Thursday, May 19, 2016

Top 10 most recognizable opera pieces used in film

You probably know more opera music than you think you do. If you like to watch TV or go to the movies, you’ve undoubtedly heard music from operas used in ways the original composers could never have even imagined. We’ve raided the Seattle Opera archives to put together a playlist featuring some of opera’s greatest hits—tunes you may already know because you’ve heard them in the cinema.

#1: From Apocalypse Now: Ride of the Valkyries (Die Walküre)

Francis Ford Coppola used the “Ride of the Valkyries,” famous music from the second opera of the Ring cycle, not for Wagner’s Norse goddesses of death but for American helicopters dealing out death from above in Vietnam in Apocalypse Now. It made for a brilliant, chilling moment—opera music used not just for emotional effect but as part of a film’s story.

Sung by Wendy Bryn Harmer, Jessica Klein, Suzanne Hendrix, Luretta Bybee, Tamara Mancini, Sarah Heltzel, Renée Tatum, and Cecelia Hall, with the Seattle Opera Orchestra conducted by Asher Fisch.

#2: From Sex and the City: Flower Duet (Lakmé)

The Lakmé Flower Duet has been used in Sex in the City, Laura Croft Tomb Raider, even the Quentin Tarantino film True Romance. Its sensual blending of female voices powerfully underscored a sexual tryst between two lady vampires, Catherine Deneuve and Susan Sarandon, in the horror movie The Hunger.

Sung by Joan Sutherland and Huguette Tourangeau, with the Seattle Opera Orchestra conducted by Richard Bonynge.

#3: From The King’s Speech: Overture to The Marriage of Figaro

Mozart’s whirligig overture to the beloved grandaddy of all opera comedies has been used by everybody from Schwarzenegger to Seinfeld to Mad Men. In the Colin Firth film The King’s Speech, speech pathologist Geoffrey Rush played this music to distract his patient, King George VI of England, from the ghastly sound of his own voice.

Played by the Seattle Opera Orchestra conducted by Dean Williamson.

#4: From A Night at the Opera: Anvil Chorus (Il trovatore)

One of the Marx Brothers’ greatest comedies used the pretensions of opera-goers—and the complications of one of opera’s most Romantic plots, Il trovatore—to hilarious effect. The noisy effect of the anvil-banging just makes this familiar music that much sillier.

Performed by the Seattle Opera Chorus and Orchestra, conducted by Yves Abel.

#5: From A Room with a View: “O mio babbino caro” (Gianni Schicchi)

Movies love that big, lush sound of Romantic Italian opera music. Who could forget the spellbinding beauty of the aria “O mio babbino caro,” from Puccini’s Gianni Schicchi, as heard when a repressed girl from Edwardian England learns about passion while on holiday in Tuscany in the beloved Merchant-Ivory romantic comedy A Room with a View?

Sung by Cynthia Haymon, with the Seattle Opera Orchestra conducted by Cal Stewart Kellog.

#6: From The Fifth Element: Mad Scene from Lucia di Lammermoor

Don’t worry, we haven’t forgotten about action movies and sci-fi. Fans of the Bruce Willis film The Fifth Element may remember the alien Plavalaguna, who is hiding the Fifth Element—and who performs her own riff on the famous mad scene from Donizetti’s Lucia di Lammermoor.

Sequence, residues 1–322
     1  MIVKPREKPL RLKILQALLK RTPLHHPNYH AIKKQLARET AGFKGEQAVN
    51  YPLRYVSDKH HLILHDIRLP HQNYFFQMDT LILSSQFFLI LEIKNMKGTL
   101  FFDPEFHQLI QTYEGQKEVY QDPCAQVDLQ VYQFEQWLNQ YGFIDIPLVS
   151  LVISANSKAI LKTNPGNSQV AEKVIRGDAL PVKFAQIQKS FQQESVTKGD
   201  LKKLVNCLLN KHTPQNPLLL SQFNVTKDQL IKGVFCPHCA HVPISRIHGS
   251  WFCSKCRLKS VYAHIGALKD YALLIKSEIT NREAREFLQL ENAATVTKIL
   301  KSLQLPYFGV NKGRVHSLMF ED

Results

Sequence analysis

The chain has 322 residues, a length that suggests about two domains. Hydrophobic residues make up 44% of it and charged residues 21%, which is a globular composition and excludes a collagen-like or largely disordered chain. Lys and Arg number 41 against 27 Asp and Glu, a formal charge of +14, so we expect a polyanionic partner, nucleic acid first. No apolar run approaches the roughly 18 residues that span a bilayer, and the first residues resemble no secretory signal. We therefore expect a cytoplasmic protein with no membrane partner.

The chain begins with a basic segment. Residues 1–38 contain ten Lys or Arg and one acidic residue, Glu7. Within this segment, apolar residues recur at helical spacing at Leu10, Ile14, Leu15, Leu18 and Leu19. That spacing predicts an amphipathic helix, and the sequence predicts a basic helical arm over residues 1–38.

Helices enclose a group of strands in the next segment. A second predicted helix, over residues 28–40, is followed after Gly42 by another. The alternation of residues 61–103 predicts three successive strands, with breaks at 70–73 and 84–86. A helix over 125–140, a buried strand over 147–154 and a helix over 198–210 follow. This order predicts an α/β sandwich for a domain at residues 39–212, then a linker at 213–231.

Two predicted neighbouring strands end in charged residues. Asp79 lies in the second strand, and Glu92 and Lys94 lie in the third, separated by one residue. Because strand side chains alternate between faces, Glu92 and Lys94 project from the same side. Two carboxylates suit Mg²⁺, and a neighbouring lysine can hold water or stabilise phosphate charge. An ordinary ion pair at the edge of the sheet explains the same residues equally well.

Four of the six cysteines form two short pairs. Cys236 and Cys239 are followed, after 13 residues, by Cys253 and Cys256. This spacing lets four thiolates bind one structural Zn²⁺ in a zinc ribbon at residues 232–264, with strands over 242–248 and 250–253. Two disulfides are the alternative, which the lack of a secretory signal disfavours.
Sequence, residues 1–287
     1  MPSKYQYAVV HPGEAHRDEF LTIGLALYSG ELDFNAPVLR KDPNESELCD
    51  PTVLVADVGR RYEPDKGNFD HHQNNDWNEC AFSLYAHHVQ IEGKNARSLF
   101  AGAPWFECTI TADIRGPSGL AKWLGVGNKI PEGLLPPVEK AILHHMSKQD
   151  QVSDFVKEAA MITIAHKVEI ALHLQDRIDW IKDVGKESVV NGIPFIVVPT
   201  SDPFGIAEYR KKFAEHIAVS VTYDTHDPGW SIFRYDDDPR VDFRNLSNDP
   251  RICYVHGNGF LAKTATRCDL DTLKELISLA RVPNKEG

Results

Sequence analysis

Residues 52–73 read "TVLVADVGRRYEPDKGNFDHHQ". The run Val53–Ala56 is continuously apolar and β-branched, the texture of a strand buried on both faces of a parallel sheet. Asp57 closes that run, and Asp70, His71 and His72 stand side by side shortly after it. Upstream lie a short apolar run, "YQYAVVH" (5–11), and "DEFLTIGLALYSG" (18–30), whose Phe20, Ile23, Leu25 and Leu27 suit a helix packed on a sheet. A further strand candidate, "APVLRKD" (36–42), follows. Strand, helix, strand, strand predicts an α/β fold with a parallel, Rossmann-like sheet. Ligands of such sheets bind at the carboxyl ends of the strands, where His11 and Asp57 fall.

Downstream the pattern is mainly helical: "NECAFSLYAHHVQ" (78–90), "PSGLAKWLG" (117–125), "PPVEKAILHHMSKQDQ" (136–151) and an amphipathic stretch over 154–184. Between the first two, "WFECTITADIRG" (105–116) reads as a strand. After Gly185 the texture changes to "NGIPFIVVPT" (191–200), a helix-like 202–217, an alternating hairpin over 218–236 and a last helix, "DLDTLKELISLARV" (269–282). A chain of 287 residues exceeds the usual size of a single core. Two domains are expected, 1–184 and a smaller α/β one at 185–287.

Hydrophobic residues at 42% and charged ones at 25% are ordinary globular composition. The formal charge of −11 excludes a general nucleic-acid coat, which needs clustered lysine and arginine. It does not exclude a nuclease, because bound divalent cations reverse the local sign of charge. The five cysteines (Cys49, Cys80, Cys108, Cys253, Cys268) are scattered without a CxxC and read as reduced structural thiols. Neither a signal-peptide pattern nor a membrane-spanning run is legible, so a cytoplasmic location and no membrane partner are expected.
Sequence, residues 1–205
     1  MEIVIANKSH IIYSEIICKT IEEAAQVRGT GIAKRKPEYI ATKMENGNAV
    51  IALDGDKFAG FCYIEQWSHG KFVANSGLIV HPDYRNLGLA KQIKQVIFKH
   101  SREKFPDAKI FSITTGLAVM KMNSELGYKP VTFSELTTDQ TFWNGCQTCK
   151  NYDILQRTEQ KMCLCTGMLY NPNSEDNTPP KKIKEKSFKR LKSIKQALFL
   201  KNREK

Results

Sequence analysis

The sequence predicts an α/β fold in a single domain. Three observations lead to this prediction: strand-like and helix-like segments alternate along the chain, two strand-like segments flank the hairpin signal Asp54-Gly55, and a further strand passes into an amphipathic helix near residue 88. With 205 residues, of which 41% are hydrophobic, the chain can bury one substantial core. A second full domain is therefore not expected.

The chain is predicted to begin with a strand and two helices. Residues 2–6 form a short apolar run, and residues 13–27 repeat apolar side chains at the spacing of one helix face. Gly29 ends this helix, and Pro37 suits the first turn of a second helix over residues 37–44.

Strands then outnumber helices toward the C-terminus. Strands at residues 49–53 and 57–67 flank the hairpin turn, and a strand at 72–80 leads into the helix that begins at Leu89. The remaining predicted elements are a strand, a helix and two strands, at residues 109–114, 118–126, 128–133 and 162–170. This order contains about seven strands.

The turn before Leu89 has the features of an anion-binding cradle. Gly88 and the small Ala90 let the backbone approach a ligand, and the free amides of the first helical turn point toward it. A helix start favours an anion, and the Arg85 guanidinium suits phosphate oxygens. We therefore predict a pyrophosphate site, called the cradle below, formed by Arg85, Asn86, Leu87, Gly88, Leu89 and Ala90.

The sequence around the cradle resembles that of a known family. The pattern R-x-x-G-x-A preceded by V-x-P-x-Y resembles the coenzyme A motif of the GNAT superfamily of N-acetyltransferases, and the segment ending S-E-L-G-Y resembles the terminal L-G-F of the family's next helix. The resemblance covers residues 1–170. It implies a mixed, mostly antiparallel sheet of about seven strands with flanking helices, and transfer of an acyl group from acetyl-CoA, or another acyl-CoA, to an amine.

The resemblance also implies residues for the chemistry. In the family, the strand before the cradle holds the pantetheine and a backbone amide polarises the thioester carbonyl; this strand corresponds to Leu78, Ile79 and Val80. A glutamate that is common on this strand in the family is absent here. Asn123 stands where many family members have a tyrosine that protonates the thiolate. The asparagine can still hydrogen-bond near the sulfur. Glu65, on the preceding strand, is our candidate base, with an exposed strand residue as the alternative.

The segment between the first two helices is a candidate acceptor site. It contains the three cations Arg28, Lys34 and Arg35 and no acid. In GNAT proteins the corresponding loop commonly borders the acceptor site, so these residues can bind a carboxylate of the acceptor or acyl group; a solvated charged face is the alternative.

Sung by Aleksandra Kurzak, with the Seattle Opera Orchestra conducted by Bruno Cinquegrani.

#7: From The Witches of Eastwick: “Nessun dorma” (Turandot)

Jack Nicholson, as the devil Daryl van Horne, creeped us out in The Witches of Eastwick to the sound of an unforgettable Puccini melody: “Nessun dorma” from Turandot, which became one of the most famous arias in all of opera when Luciano Pavarotti made it his theme song. Start at :50 for the most recognizable part of this piece.

Sung by Antonello Palombi, with the Seattle Opera Orchestra conducted by Asher Fisch.

#8: From Driving Miss Daisy: Song to the Moon (Rusalka)

Just as Pavarotti became associated with “Nessun dorma,” Renee Fleming has been a champion of the beautiful Song to the Moon from Dvorak’s Rusalka. Not many people in America knew how gorgeous that opera is until Ms. Fleming started singing it—beginning with her Seattle debut in 1990. This wistfully beautiful aria featured in the popular movie Driving Miss Daisy.

Sung by Renee Fleming, with the Seattle Opera Orchestra conducted by Bruce Ferden.

#9: From The Shawshank Redemption: Letter Duet (The Marriage of Figaro)

In the 1994 film The Shawshank Redemption, convict Tim Robbins seizes control of his prison’s PA system and plays this wonderful music by Mozart for all his fellow prisoners, including Morgan Freeman, who has this to say about it: “I have no idea to this day what those two Italian ladies were singing about. ... I'd like to think they were singing about something so beautiful, it can't be expressed in words. ... those voices soared higher and farther than anybody in a gray place dares to dream. ... For the briefest of moments, every last man in Shawshank felt free.”

Sung by Bernarda Bobro and Nuccia Focile, with the Seattle Opera Orchestra conducted by Gary Thor Wedow.

#10: From Pretty Woman: “Sempre libera” (La traviata)

To conclude our celebration of opera music in the movies, here’s one that gets at the heart of the glamor and passion that opera represents: Pretty Woman, starring Julia Roberts. This movie is a Cinderella-story, about a downtrodden gal who gets one shot at attending the prince’s ball—in this case, Richard Gere hires her to be his date for an opera. Of course he takes her to La traviata, the ultimate opera about a woman who gets paid to entertain men. And what she hears there changes her world.

Sung by Dana Pundt, with the orchestra of the Seattle Opera Young Artists Program conducted by Brian Garman.


Ready to experience live opera for yourself? Explore our 2016/17 season to choose from over-the-top comedy, passion-fueled tragedy, colorful fantasy, and more.